Our landlord promptly had the flew cleaned out, our gas was turned back on, and the pilots were lit. Tonight, we have heating and hot water, praise God. What really concerns us is that our house may have been filling with carbon monoxide for quite some time. The gas company told us that we might have all died in our sleep some night because of this leak. If it hadn't been for my cold shower this morning and the discovery of this obstruction which lay at the end of a long chain of complex events, we still could be in serious danger of carbon monoxide poisoning.

What I mean to say is, I thank God for this event which began the day. I was not thanking God for my cold shower at the time, but I have spent the entire evening thanking Him for what I thought was a "frowning providence" on His part. Our lives were literally saved because this gas meter went bad.

It has been a hard week, I won't lie. We had two funerals in one week. We spent an entire week separated as a family because of one of the funerals. Work has been exhausting. Responsibilities keep piling on. I woke up this morning with a freezing cold shower.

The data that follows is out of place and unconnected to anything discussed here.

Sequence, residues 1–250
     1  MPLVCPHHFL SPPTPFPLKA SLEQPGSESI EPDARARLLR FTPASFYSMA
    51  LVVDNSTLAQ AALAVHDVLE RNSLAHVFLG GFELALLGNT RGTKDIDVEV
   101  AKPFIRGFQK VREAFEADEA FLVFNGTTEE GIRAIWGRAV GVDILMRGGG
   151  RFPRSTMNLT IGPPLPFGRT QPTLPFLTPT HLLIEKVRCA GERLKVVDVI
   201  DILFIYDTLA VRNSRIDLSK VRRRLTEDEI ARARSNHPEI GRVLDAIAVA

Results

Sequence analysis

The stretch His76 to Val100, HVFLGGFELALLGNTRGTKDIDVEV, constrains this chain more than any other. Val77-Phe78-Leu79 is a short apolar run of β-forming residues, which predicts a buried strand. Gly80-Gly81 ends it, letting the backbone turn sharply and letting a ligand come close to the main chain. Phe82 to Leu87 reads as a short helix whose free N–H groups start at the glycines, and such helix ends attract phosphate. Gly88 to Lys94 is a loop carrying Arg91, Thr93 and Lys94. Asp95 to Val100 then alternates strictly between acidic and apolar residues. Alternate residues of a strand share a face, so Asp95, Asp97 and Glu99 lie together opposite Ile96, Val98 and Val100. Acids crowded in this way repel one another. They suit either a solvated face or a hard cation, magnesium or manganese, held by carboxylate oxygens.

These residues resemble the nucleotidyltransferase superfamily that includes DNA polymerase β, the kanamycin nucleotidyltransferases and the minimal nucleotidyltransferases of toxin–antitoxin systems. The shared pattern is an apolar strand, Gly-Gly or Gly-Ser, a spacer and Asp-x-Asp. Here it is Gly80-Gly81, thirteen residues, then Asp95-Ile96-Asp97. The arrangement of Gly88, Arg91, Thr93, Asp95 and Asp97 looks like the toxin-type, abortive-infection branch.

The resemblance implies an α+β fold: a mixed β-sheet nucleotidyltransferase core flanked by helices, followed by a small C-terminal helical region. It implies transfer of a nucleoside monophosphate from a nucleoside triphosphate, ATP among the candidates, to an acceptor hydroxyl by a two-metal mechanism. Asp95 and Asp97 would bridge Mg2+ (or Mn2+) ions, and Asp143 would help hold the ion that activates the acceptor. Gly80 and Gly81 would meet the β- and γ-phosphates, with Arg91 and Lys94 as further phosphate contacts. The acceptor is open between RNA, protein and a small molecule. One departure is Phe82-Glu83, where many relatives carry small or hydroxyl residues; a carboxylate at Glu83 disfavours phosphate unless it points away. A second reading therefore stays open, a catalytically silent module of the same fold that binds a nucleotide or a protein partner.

In all of this, I am reminded of brother Cowper's words:
Behind a frowning providence
He hides a smiling face.
Much of the time, we don't have the pleasure of seeing God's smiling face in the immediacy of our pain or apparent "frowning providences." It is in the times when we can't see God's smiling face when we glorify Him by trusting Him anyway that He is good, and that He does good, and that He will not allow His saints to endure anything which is not for their eternal good. We do Him no honor by claiming that the things which happen to us are not His will and that they are not sent by Him. In so doing, we lose God's entire purpose in our pain. In fact, by denigrating God's sovereignty in our pain, we make it impossible for God to have a purpose in our darkest hours. These two claims together are our anchor: (1) God rules even my pain, and (2) He is absolutely good and always does what it right. Remove one and He is a despot. Remove the other, and he is a well-intentioned weakling.